I Can’t Drive 55

Stagflation

It’s Friday! Am I the only one that still can’t get the Friday song by Rebecca Black out of my head? Let’s start off by looking at the Traders Reserve Economic Dashboard.

Stagflation

The change here was the 4-week moving average of estimated jobless claims climbed over 8k to 199.5K. Actual jobless claims came in at 218k, which was an increase of about 21,000 from the week before. While it’s the highest rate since January and shows that the economy could be softening, it’s still an extremely low number.

The sad thing for workers is that rising jobless claims is exactly what the Fed needs to see to fight inflation and a recession. The job market is so tight that companies have to pay workers more since the supply of workers is limited. Paying workers more drives up the cost of goods which leads to inflation, but as the Fed increases interest rates, the demand for labor should decrease. This means the job market gets more competitive for the workers since there will be fewer jobs, and employers get away with paying them less, thus helping to decrease inflation.

The real question is are we headed for a period of stagflation, which is when a period of high inflation combines with high unemployment and stagnant demand for goods and services.

Keep reading to find out why we need to review the past so we can go back to the future. I’m going to list out some of my favorite stagflation stocks you need to know about now.

Next week I’ll continue our exploration of the 1970s and the similarities to today’s market.

Stagflation in the ‘70s altered Americans’ way of life and brought an era of fuel conservation and rationing not seen since World War II. President Nixon signed the Emergency Highway Energy Conservation Act, which set the maximum speed limit to a fuel-efficient 55 mph. It stayed in effect until 1995. In the ‘80s, the rock icon, Sammy Hagar wrote the song, I Can’t Drive 55, in defiance of the act that had been in place for a decade at the time.

I think the covid pandemic was a different situation and it shows just how interconnected everything in the economy, or the world really, is to one another. It’s not a terrible surprise that a few years later we’re still trying to get the world turning again and going through hurdle after hurdle to get there.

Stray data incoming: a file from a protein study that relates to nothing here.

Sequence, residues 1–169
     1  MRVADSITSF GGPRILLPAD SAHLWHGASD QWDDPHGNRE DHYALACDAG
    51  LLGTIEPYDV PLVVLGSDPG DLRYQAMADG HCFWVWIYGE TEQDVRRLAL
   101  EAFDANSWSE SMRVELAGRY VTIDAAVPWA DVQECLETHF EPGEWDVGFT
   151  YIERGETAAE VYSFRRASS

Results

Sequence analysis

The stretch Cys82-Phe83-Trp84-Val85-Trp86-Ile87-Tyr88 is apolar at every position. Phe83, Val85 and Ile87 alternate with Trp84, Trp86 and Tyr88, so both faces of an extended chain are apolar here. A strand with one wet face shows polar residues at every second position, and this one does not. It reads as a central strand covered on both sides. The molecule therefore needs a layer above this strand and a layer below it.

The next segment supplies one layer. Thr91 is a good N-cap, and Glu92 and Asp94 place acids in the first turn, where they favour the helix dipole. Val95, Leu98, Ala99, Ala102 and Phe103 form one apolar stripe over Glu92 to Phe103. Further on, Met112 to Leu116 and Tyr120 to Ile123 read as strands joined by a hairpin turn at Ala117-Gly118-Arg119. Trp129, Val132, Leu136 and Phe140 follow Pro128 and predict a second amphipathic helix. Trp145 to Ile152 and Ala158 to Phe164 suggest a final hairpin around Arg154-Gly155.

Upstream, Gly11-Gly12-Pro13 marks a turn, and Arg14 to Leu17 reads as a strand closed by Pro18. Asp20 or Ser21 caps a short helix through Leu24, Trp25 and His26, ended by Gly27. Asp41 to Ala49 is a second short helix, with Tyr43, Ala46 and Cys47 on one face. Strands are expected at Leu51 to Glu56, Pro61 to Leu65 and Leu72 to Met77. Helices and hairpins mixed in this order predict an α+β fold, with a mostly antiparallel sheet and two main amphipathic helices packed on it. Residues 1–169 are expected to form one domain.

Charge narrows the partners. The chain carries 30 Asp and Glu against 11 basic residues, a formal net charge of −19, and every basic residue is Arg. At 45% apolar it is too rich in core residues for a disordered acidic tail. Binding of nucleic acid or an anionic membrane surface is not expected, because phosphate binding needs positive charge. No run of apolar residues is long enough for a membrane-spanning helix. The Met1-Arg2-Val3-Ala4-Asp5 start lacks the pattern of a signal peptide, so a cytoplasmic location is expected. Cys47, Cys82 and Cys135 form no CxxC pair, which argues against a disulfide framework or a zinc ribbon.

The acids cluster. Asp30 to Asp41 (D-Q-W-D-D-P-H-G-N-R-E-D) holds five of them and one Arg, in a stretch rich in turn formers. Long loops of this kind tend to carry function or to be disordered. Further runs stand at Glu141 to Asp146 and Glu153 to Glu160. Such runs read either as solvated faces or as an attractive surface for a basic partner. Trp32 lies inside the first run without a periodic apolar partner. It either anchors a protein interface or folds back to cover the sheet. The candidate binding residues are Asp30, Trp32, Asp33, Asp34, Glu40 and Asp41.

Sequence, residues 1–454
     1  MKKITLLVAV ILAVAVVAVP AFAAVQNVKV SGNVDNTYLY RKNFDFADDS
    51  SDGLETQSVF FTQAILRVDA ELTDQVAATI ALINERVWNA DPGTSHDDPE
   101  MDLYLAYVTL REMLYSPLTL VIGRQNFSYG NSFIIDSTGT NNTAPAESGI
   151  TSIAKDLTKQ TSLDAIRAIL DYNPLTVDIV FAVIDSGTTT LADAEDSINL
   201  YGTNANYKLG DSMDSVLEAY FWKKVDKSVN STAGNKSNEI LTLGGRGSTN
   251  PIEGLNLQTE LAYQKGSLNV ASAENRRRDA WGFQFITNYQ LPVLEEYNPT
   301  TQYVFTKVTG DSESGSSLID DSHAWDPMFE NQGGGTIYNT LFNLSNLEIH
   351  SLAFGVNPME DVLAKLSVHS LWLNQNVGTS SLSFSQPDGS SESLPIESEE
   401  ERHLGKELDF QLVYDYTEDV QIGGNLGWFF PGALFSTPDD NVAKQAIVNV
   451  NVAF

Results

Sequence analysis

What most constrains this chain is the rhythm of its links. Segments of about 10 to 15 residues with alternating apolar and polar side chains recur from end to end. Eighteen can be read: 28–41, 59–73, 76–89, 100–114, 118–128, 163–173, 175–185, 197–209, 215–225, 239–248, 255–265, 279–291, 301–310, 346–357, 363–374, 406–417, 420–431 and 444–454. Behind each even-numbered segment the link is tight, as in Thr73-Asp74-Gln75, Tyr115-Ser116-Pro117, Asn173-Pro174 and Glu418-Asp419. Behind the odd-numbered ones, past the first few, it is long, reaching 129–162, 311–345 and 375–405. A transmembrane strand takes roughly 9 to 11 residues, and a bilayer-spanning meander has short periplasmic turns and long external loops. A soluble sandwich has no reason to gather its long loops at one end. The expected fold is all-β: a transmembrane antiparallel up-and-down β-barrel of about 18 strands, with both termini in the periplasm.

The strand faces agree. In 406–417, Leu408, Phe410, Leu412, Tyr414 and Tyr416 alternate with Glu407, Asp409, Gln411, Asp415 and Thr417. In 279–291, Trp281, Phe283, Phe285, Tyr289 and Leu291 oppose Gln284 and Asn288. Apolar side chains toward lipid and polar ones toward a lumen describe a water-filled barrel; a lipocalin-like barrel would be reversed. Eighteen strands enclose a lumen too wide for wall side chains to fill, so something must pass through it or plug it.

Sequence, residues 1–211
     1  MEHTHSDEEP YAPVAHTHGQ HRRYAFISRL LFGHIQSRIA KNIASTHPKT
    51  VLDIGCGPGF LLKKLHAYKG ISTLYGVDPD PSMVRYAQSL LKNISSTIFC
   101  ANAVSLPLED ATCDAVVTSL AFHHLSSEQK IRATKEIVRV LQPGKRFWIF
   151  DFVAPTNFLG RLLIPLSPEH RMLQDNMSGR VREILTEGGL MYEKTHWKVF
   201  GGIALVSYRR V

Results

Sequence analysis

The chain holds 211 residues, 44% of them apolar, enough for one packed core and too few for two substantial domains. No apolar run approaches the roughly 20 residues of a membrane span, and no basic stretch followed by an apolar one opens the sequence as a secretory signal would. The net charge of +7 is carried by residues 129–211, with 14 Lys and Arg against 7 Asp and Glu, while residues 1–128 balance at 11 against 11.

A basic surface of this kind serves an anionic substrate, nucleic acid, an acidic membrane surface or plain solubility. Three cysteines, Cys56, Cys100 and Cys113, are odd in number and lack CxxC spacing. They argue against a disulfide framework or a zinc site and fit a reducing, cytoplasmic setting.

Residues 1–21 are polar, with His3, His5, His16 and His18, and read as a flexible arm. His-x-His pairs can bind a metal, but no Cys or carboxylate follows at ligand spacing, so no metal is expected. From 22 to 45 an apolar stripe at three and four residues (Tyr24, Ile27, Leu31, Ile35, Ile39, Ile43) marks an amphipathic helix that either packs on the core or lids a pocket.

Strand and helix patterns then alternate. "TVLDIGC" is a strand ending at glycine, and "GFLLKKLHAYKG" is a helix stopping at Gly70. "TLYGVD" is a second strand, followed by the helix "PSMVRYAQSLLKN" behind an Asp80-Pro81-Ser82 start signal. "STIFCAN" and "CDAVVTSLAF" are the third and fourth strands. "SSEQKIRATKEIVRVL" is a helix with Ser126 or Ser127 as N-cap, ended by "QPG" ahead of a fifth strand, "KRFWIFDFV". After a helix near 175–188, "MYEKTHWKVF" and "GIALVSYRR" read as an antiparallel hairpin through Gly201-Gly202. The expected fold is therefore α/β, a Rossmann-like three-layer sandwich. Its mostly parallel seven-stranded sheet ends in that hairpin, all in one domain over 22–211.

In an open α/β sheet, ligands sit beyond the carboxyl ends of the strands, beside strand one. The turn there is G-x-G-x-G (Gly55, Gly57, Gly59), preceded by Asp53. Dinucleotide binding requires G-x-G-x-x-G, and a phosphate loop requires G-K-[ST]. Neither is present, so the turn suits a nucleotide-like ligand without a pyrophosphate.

We’ll talk more about lost decades and stagflation next week and why you need a trading plan that will perform better than buy-and-hold.

For now, here’s a list of companies that I think are long-term plays should we go through a period of stagflation.

  • Hershey (HSY) – It’s a company that has always been around for the good times and the bad. They have low-cost options and average 15.9% returns during periods of elevated inflation and slowing economic growth.
  • Kroger (KR) – Even if inflation hasn’t peaked and jobless claims continue to rise, people still need to eat. They still need groceries and Kroger offers a variety of brands with different price points.
  • Abbott Laboratories (ABT) – They are a diversified health care products company that produces nutritional products, generic drugs, and diagnostic and medical devices. Similar to the other two on the list, even if money gets tight, people need their medicine. Abbott has averaged a 14.9% gain during periods of stagflation.

If you have any questions, comments, or anything we can help with, reach us at any time.

 

Jeff
Guest Writer, Filthy Rich, Dirt Poor
Editor, Wealthy Investor Society

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